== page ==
Well it’s day 5 and today’s gratitude is a bit deep. It has to do with a secret that I carried around for much of my life. I actually never even told my father before he passed away. Yet today, I don’t feel the heaviness of it as I did in years passed. In m opinion, humble as it may be, that is a true mark of my growth. And yet another reason to be thankful.
On this day I am grateful for my unborn child. I’ve not shared this with many, but almost 20 years ago, when I was 16, I got pregnant. I felt ashamed, embarrassed, and disappointed. But most of all, I was just plain old scared. I was scared of what my father was going to do to me when he found out. He would have killed me—or come very close to it. And who could blame him? After all, I deserved to be punished. I was supposed to be a good girl and if I was pregnant, that meant I was having sex, and good girls simply did not do that. It also didn’t help that I’d begun having sex simply because my boyfriend wanted to. I wasn’t even remotely curious about sex. I just really wanted to be loved so when he showed me in a most non-discreet and obvious way where we were headed, I fell silent and complicit. I thought to myself, “Oh wow, I guess I’m going to have sex now.” And I did. I felt ashamed, but that was when and how he showed me attention and I desperately wanted his attention, so I continued to engage. I acted like I liked it. I acted as if I wanted it, but I didn’t and I died a little inside each time I succumbed to his will. I was in agony. Winding up a sobbing hot mess on the bathroom floor after reading the positive result on a pregnancy test only pushed me further into the abyss. I decided that I wouldn’t tell my parents. I’d get an abortion and never think about it again. But for the next 10 years, all I could think about was that baby and the horrible thing I’d done. The abortion only fueled the war I’d unconsciously waged against my already fragile self-esteem. I was in misery every single day.
A few days after the procedure, my mom found my medication. She’s a nurse so she knew exactly what the pills were. Too ashamed and afraid to tell her, I lied. I said they belonged to my best friend. She believed me—or at least she really wanted to. I felt so bad that I confessed to my friend. Being the wonderful friend she was/is, all she said was “Well, your parents already think I’m fast so a little less respect from them won’t hurt me.” Now it would seem that I’d been given a pass so that meant that I should’ve been ok from that point forward. But I wasn’t. I actually felt worse. In my mind, not only was I a fornicator and a murderer, but I was also a liar with no morals and a horrible friend. I deserved a fate worse than death. I deserved to be brutally punished over and over until I wished for death. And because I was so low, I didn’t even deserve to be relieved of my agony through death. For over a decade I rooted myself in this torment. I would be 27 years old, finding myself pregnant for the second time when I recognized that everything I was feeling was nothing but guilt and I had been wallowing in it. Before I gave birth to Jasmine, I thought about my unborn child every day. What would she/he look like? What would I have named him/her? What kind of mother would I have been? I didn’t believe I’d ever get the chance to become a mother. After all, I didn’t deserve it. When I found myself pregnant with Jasmine, I was happy but afraid. I was afraid every day of my pregnancy. I thought something would go wrong. I thought I deserved for something to go wrong. How dare I enjoy the beauty of motherhood after what I’d done to my first child? Once Jasmine was born, a peace wavered over me that said, “Enough. You must take care of this little girl who is here. It’s ok. You’ve punished yourself enough. Now stop this foolishness. It’s time to enjoy.”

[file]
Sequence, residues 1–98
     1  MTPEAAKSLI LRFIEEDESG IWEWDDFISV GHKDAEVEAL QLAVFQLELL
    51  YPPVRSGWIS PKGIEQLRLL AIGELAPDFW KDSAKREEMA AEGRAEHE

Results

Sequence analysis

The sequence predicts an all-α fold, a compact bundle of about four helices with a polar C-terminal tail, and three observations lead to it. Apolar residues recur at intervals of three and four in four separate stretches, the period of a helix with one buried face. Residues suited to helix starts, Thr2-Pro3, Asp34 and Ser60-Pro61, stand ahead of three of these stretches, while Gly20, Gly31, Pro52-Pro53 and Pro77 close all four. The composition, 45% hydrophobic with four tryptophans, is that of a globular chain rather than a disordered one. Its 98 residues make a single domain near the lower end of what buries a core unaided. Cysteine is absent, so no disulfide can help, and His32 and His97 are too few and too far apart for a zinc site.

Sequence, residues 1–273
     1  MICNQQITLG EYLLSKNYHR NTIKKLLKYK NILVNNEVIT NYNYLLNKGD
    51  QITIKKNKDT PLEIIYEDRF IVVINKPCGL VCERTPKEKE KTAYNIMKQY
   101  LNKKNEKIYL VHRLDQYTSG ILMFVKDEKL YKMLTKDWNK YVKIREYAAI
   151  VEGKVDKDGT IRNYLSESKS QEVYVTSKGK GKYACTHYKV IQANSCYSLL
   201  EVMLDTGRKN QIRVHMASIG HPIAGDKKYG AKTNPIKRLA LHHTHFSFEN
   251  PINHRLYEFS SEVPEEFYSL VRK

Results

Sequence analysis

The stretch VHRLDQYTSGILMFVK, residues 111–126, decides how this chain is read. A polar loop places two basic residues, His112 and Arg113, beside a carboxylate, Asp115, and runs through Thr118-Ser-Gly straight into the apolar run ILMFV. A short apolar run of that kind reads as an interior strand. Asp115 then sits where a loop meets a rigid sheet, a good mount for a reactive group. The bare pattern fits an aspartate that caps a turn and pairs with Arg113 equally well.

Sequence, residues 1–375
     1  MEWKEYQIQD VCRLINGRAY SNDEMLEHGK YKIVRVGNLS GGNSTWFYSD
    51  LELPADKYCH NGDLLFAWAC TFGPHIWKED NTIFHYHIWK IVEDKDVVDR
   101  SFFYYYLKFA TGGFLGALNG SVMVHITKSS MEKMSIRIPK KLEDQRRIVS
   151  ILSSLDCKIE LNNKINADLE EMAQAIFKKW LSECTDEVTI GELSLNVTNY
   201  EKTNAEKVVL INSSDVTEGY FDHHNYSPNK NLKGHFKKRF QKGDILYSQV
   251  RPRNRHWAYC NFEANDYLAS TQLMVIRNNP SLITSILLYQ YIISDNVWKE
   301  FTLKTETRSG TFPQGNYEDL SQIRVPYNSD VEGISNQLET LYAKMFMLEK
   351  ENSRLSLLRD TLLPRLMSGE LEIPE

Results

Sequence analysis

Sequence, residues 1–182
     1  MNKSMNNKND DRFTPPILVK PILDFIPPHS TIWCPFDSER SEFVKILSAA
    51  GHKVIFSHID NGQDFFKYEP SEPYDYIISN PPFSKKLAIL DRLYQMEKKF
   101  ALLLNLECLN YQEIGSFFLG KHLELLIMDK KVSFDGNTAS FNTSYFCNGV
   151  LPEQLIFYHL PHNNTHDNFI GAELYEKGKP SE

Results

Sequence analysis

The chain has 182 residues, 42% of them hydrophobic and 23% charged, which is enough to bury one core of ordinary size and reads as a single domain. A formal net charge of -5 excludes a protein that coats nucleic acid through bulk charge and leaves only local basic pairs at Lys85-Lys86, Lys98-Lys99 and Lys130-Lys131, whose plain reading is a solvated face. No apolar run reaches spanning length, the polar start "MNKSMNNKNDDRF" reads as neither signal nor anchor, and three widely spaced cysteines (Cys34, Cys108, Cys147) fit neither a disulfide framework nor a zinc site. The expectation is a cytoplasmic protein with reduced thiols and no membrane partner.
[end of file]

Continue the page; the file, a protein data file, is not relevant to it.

I’ve heard it said that the soul of an unborn child simply waits until the next time to be born to their mother. So I don’t know if Jasmine was the soul waiting to be born through my unborn child at that time, or if my unborn child was another soul who has gone on to glory. But I do know, that I love that unborn child with all my might and I appreciate my unborn child. Through that brief encounter, that beautiful little soul has touched my life in a most amazing way. That soul taught me that guilt is a monster that serves no one. Guilt is a beast that robs of all joy. I wasn’t even able to get the lesson intended for me because I was stuck in my shame spiral. Through my unborn child I learned that guilt and sorrow are not the same. Sorrow says, “I messed up. I won’t do that again.” But guilt doesn’t. Guilt isn’t necessarily sorry for the act. It simply feels bad about it because it knows the act goes against your moral compass. Sorrow seeks to make amends. Guilt just wants to feel better. Guilt will continue to repeat the same thing and cry afterward having the nerve to say “Oh I feel so bad.” Yes I was sorry for my mis-steps, and I never did repeat the same mistake. However, the guilt is what allowed, even compelled me, to remain in the horrible cycle of punishing myself time and again. The guilt prohibited me from receiving and enjoying good. That unborn child also taught me compassion. Before I found myself pregnant, I judged young, unwed mothers. I looked down upon them. They were something to point at while I puffed up my chest and told myself how much better than they I was. The sweet irony of ending up just like them forced me to bake and eat my very own humble pie. While it wasn’t as sweet as I would have liked, it was very necessary and it was sustenance for my soul. I learned that we are all on our own journey and no one person is better than any other. We may cling to petty and superficial ties to make ourselves feel superior, but underneath all that bravado lays insecurity. But our insecurity is no excuse for having the audacity to think we can judge another. I’m still not convinced that I didn’t make the best decision for me at the time, but what I am convinced of is that it was all par for my course and I’m thankful for it. If my unborn child can hear me, I simply want to say that even though I didn’t birth you, I love you with all my heart and know that Mommy finally got the lesson. Thank you.